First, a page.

Extrinsic factors affecting otolith chemistry – implications for interpreting migration patterns in a diadromous fish
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Much has been revealed about fish migration, including diadromous behaviour, through the use of otolith chemistry. Manipulative experiments assist with unravelling information on otolith chemical composition and incorporation thereby answering specific questions on diadromous movements. In this study, a laboratory-based experiment was used to determine the relative and interactive effects of salinity and water temperature on the composition of three key elements (Sr, Ba and Mg) within the otolith of a catadromous fish, Percalates novemaculeata, endemic to south-eastern Australia. Otolith incorporation of Sr and Ba was positively related to ambient water concentration, whereas Mg incorporation was not. Sr and Ba increased and decreased significantly across salinity gradients, respectively, with minor positive effects of temperature also being detected. Salinity and temperature interacted to significantly affect the elemental concentration ratios for Ba: Ca in otoliths. Discrimination between fresh water and marine environments shows promise for interpreting P. novemaculeata residency based on these elements alone. However, deciphering finer scale movements within estuarine environments may be difficult. Our data highlights the importance of multifactorial validation experiments and suggests complementary use of multiple approaches for unravelling species-specific patterns of fish movement and habitat use.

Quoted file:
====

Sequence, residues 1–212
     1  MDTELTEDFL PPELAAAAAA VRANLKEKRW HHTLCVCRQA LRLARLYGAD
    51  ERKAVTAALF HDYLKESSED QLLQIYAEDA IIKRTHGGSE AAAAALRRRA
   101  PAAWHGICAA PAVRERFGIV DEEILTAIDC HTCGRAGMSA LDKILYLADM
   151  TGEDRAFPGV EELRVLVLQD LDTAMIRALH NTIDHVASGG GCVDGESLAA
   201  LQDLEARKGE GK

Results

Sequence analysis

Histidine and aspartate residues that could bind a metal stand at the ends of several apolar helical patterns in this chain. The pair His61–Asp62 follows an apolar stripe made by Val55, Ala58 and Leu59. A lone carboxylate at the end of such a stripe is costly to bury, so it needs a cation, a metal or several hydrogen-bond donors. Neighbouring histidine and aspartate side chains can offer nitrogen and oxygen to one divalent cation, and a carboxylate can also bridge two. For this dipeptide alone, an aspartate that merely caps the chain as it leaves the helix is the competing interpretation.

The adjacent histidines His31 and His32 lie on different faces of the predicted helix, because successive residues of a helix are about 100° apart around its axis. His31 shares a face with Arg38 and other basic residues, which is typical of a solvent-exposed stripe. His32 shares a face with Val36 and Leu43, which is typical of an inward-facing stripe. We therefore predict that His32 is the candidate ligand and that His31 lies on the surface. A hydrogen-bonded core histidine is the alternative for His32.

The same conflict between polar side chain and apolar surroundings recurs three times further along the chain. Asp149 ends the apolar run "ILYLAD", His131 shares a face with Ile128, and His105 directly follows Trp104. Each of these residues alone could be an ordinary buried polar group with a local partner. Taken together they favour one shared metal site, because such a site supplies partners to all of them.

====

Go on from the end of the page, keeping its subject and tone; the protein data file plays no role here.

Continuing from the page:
KeywordsCatadromy Diadromy Migratory history Otolith Percalates Novemaculeata
We are grateful to Craig Burnes for his technical support during the laboratory experiments and the Shoalhaven Marine and Freshwater Centre (University of Wollongong) for the use of their facilities. Thank you to staff from University of Adelaide who assisted in the analysis of otolith samples. Ashley Fowler, Meaghan Duncan and anonymous referees greatly enhanced the final manuscript through their constructive criticism. This research was funded by NSW Recreational Fishing Trust and University of Wollongong and complied within the requirements of the Animal Research Act 1985 (ACEC 06 /03).
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